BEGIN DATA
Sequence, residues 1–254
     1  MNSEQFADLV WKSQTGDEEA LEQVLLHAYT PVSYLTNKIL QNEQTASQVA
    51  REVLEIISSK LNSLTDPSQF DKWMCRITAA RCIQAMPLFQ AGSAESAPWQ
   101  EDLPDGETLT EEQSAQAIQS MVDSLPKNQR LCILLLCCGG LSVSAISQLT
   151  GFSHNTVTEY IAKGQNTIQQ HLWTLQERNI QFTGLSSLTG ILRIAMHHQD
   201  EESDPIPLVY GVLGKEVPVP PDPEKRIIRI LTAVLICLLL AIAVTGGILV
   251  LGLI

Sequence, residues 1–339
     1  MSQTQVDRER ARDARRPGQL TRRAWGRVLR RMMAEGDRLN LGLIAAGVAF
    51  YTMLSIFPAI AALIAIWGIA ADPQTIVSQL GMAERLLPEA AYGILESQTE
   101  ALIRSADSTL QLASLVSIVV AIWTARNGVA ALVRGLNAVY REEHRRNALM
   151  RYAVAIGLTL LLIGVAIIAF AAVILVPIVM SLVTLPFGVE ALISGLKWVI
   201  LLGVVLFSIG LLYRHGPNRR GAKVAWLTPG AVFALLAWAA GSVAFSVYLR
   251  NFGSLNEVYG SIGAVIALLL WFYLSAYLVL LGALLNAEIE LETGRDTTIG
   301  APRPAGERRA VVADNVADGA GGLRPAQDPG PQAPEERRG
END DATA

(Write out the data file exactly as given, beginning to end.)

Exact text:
Sequence, residues 1–254
     1  MNSEQFADLV WKSQTGDEEA LEQVLLHAYT PVSYLTNKIL QNEQTASQVA
    51  REVLEIISSK LNSLTDPSQF DKWMCRITAA RCIQAMPLFQ AGSAESAPWQ
   101  EDLPDGETLT EEQSAQAIQS MVDSLPKNQR LCILLLCCGG LSVSAISQLT
   151  GFSHNTVTEY IAKGQNTIQQ HLWTLQERNI QFTGLSSLTG ILRIAMHHQD
   201  EESDPIPLVY GVLGKEVPVP PDPEKRIIRI LTAVLICLLL AIAVTGGILV
   251  LGLI

Sequence, residues 1–339
     1  MSQTQVDRER ARDARRPGQL TRRAWGRVLR RMMAEGDRLN LGLIAAGVAF
    51  YTMLSIFPAI AALIAIWGIA ADPQTIVSQL GMAERLLPEA AYGILESQTE
   101  ALIRSADSTL QLASLVSIVV AIWTARNGVA ALVRGLNAVY REEHRRNALM
   151  RYAVAIGLTL LLIGVAIIAF AAVILVPIVM SLVTLPFGVE ALISGLKWVI
   201  LLGVVLFSIG LLYRHGPNRR GAKVAWLTPG AVFALLAWAA GSVAFSVYLR
   251  NFGSLNEVYG SIGAVIALLL WFYLSAYLVL LGALLNAEIE LETGRDTTIG
   301  APRPAGERRA VVADNVADGA GGLRPAQDPG PQAPEERRG